What expenses qualify for R&D tax credit?

As discussed previously, the sort of claims that typically make up R&D tax credit claims are dictated by HMRC. These include ‘creative and systematic work undertaken in order to increase the stock of knowledge’. Going a step further and identifying the expenses within each project is very important. This is because it will help determine the eligibility of your business, as well as how much you can claim on a project.

Furthermore, applying for R&D tax credit using expenses which won’t qualify is wasted effort. This is why we’re here to tell you which costs will qualify for R&D tax credit.

The qualification process

Whether you qualify for R&D tax credit or not is also the decision of HMRC. Regardless of the sector or field, any business contributing to innovation can qualify for R&D tax credits. HMRC requires a detailed application for R&D tax credit, featuring a report of the work that has occurred. The first step in this application is identifying the projects your client wishes to claim.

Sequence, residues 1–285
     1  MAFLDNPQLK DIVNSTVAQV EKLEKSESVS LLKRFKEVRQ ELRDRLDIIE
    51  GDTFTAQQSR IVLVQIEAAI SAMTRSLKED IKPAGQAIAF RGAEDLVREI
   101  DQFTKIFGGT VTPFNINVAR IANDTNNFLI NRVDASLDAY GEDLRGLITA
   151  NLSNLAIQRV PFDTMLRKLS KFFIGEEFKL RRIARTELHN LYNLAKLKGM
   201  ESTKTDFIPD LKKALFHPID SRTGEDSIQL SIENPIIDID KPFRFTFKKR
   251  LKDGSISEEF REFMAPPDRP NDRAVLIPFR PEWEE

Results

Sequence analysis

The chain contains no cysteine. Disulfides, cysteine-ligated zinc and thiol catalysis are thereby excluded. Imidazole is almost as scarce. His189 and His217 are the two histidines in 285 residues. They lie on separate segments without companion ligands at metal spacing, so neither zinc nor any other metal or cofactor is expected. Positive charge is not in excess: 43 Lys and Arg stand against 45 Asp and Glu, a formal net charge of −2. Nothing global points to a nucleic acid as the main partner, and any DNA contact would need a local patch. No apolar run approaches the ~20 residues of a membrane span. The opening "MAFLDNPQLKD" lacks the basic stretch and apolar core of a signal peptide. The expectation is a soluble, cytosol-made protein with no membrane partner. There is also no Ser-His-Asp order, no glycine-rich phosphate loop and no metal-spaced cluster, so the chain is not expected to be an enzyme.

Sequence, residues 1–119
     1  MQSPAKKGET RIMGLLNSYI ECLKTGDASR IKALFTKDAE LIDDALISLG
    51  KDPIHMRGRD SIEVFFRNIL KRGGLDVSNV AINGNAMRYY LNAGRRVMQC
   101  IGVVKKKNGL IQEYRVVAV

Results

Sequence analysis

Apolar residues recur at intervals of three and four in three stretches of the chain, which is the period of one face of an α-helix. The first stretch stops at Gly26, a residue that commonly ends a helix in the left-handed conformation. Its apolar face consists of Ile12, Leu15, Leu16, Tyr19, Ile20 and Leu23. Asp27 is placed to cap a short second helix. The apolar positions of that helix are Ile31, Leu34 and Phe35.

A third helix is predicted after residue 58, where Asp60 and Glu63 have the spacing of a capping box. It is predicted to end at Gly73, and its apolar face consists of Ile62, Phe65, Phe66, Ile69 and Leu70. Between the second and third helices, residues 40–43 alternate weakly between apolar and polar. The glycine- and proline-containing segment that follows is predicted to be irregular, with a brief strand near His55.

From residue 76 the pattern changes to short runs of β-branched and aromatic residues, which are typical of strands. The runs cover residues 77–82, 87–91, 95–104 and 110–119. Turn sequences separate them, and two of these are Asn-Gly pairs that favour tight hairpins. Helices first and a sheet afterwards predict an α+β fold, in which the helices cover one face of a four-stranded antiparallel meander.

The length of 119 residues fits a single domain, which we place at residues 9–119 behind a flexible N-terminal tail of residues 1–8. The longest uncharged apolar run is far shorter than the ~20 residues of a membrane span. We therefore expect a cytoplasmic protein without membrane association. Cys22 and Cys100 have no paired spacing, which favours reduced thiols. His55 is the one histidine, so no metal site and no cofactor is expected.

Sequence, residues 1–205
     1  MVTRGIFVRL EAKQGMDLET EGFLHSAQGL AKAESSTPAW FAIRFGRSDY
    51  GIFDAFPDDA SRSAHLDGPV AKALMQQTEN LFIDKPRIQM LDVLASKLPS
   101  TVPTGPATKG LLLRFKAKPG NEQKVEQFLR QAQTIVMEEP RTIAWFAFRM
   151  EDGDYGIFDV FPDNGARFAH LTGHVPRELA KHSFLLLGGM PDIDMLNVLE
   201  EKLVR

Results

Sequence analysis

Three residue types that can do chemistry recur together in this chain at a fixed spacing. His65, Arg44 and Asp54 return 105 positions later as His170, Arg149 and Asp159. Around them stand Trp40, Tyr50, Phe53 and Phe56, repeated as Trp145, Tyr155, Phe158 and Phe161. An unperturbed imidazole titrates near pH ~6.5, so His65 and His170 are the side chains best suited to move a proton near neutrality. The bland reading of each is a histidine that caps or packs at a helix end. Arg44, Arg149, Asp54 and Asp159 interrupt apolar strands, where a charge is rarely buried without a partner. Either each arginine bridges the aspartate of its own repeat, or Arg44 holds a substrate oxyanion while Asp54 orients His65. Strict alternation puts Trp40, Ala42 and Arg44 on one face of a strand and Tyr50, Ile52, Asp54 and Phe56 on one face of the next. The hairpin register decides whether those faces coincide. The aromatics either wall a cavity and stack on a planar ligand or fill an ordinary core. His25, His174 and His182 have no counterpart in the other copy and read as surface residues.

It’s therefore important to identify the eligibility of the projects you’re planning to claim. This goes hand -n-hand with a focus on the costs within those projects.

If you’re curious about the general eligibility of your business, we’ll be covering this topic in depth in our next blog post. In the meantime, you can learn more about the claims process here.

Common business expenses that qualify for R&D tax credit

R&D tax credit claims are primarily made up by the day-to-day operational costs of the business. This is because some of the regular business assets are always set aside for R&D projects. The following revenue expenditure will likely be present in all R&D projects that companies undertake:

  • Staff costs: Any salaries of staff involved with the R&D project are claimable. These costs can include employer pension fund contributions, bonuses and Class 1 National Insurance contributions. *Reimbursed costs also count so long as they are paid by staff first. Travel costs are a great example for this, although they must be in relation to the qualifying R&D activities.